In part 1 and part 2 of Ellen Pochekailo’s interview with Dale and Mike Bare, we learned how they grew from ground floor to global. In this third segment, they share their perspectives on how customer experience research has progressed, how they’ve helped enhance the industry, and why this research is still critical to success in today’s markets.
How have you advanced in the field of customer experience research?
Mike – Our most significant contribution would have to be our role in launching the first credentialing organization for mystery shopper research firms. When we had been in business for about ten years, we realized there was a real need for established standards in the industry. I had met several colleagues who felt the same way, including Mark Michelson. He and I decided to form a credentialing and education association.
We held our first meeting in Orlando in February 1997. Expecting about 20 to 30 people, we were surprised by the promising attendance of 80 participants. We discussed the role, purpose, benefits and format of the proposed organization, and with the support of our peers, decided to move forward. Together Mark and I co-founded the Mystery Shopper Providers Association (MSPA), which is still the leading regulatory organization in the industry. I’m proud to be recognized as one of its co-founders.
Dale – MSPA sets the standards for the industry and provides a credentialing process to ensure quality measures are in place. Not only was Mike the driving force behind its foundation, we have completed its rigid credentialing process and remain active, influential members.
How have you seen the industry change?
Dale – I’d say technology-driven changes have had a substantial impact. When we started out, all evaluations were handwritten. We had staff whose only task was to type reports. It was a big job with just a few clients. Now it would be impossible as we process thousands of reports a week.
In those early days, evaluations were scheduled by phone … reports were mailed or faxed … projects were tracked on white boards. As new technology was introduced, we integrated advancements into our business, often creating and adapting software customized specifically to our industry. So on the operations side, technology has helped us vastly improve our efficiency, provide faster turnarounds and deliver more thorough analyses.
How else has technology affected the industry?
Mike –The impact of new technology significantly altered the landscape of customer-business interactions. The way businesses serve and communicate with their customers has changed drastically, and customer expectations are higher than ever before. As a consequence, we’ve adapted and expanded the way we conduct customer research, and keep a diligent eye on the next generation of change. In addition to onsite visits, in-person interviews and phone evaluations, we have online and digital services, social media monitoring and customized dashboards that put data at client fingertips.
Aren’t today’s online rating and review sites a good source for customer experience information?
Mike – Reviews posted on rating sites are generally at one extreme or the other, are rarely objective, and typically are influenced by emotion. Plus, many people don’t post at all, but choose never to return. So while rating sites can provide a snap shot, it’s highly subjective and puts businesses in a reactive position. By the time a bad review it posted, it’s too late.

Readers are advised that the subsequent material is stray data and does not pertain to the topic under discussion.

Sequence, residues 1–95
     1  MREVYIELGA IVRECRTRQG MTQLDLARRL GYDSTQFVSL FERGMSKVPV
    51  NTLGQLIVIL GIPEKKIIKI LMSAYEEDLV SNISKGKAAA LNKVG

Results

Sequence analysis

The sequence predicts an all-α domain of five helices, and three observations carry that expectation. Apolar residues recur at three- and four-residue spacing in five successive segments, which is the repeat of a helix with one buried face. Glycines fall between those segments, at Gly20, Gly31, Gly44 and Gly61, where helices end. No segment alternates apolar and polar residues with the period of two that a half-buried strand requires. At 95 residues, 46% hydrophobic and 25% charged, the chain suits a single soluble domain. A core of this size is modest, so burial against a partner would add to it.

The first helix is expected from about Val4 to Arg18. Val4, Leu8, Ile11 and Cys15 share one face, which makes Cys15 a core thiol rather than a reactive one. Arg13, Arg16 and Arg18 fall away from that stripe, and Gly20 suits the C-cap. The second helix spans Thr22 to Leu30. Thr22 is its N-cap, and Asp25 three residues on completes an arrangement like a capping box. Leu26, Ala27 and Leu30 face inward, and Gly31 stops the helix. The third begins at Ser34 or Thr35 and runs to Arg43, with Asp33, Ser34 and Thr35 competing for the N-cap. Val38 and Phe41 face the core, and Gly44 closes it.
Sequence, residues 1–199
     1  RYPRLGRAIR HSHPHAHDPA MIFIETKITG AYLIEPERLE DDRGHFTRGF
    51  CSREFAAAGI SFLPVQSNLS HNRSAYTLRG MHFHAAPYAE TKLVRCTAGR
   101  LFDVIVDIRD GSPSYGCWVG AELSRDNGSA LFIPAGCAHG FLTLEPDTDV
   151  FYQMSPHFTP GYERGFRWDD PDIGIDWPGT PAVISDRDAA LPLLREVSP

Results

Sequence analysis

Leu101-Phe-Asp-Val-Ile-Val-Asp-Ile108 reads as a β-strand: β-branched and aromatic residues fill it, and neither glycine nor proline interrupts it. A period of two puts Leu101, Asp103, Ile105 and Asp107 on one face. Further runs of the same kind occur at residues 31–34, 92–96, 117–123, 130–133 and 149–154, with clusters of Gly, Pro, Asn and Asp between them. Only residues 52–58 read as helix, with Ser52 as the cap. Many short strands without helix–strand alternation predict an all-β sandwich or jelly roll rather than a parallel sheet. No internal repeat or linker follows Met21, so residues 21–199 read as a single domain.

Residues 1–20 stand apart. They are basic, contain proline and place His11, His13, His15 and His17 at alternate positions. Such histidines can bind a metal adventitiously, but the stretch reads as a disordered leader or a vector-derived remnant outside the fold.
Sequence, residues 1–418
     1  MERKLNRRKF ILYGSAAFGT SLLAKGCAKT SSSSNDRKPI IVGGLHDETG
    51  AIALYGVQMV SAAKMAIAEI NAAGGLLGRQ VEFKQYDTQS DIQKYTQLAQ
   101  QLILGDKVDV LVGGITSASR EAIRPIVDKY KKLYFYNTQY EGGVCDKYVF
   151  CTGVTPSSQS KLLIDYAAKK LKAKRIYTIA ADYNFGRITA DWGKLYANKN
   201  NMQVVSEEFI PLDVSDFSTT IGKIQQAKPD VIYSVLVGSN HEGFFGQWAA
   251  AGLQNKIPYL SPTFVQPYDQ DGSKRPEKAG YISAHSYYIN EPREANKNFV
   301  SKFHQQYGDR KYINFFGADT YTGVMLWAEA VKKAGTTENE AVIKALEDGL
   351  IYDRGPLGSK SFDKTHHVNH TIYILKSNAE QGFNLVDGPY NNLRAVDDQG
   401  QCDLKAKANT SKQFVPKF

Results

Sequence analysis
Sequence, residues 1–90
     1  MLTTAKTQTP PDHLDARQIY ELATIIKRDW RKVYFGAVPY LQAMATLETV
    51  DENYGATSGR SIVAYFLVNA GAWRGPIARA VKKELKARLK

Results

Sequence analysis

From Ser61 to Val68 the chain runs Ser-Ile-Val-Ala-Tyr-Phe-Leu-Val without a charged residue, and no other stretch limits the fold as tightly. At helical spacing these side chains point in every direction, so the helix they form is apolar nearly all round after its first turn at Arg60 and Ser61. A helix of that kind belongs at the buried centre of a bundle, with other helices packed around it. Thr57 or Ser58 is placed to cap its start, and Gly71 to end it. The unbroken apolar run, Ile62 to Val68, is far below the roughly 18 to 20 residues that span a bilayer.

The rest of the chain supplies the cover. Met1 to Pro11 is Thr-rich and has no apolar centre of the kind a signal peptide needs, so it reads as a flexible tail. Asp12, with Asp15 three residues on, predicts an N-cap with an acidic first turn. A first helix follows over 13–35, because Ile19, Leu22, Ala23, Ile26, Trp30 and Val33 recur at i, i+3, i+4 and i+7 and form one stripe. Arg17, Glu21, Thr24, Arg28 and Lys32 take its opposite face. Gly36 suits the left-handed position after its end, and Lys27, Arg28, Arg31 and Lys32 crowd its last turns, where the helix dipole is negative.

Dale – Clients who work with Bare International receive objective, comprehensive data. Evaluators understand they are not there to judge, or point out only the negative. It’s not their job to say what’s right or wrong, but to provide an unbiased observation.
What makes mystery shopping still a worthwhile investment?
Mike – Our reports provide a much broader picture than rating site reviews, going well beyond the customer experience to include customized audits, brand standard testing and detailed analysis. With a mystery shop program, clients can catch issues and be proactive about fixing them, circumventing a bad review before it happens.
Hiring mystery shoppers also makes a difference in staff attitude. Employees respect what you inspect. If it’s important to you, it’s important to them. Our reports reinforce the positive and denote opportunities for success. If used correctly, the return on an investment in customer experience research should far outweigh the cost.
What do you see as the biggest challenge for organizations in utilizing customer experience research?
Mike – Surprisingly, the biggest challenge seems to be in doing something with the data we collect. Some clients sit on the information far too long before disseminating it to their frontline managers. Some don’t do anything with the data at all. Gathering customer experience data is only the first step in the process. Sharing the data promptly and taking actionable steps is the critical next phase.
How do you help clients get the most from their research data?
Dale – At Bare International, a fast turnaround is a priority. Stale data is of no value to anyone, so when an evaluator visits a store, the client has the report the next day. We also provide clients with customized dashboards so information can be easily interpreted and analyzed quickly. And perhaps most helpful, our global experience enables us to share insights on what other companies have done, propose ways to resolve common issues, and identify opportunities for success.
This concludes Part 3 of our interview. Watch for the conclusion, in which Mike and Dale share secrets to their success and thoughts on where the future will lead.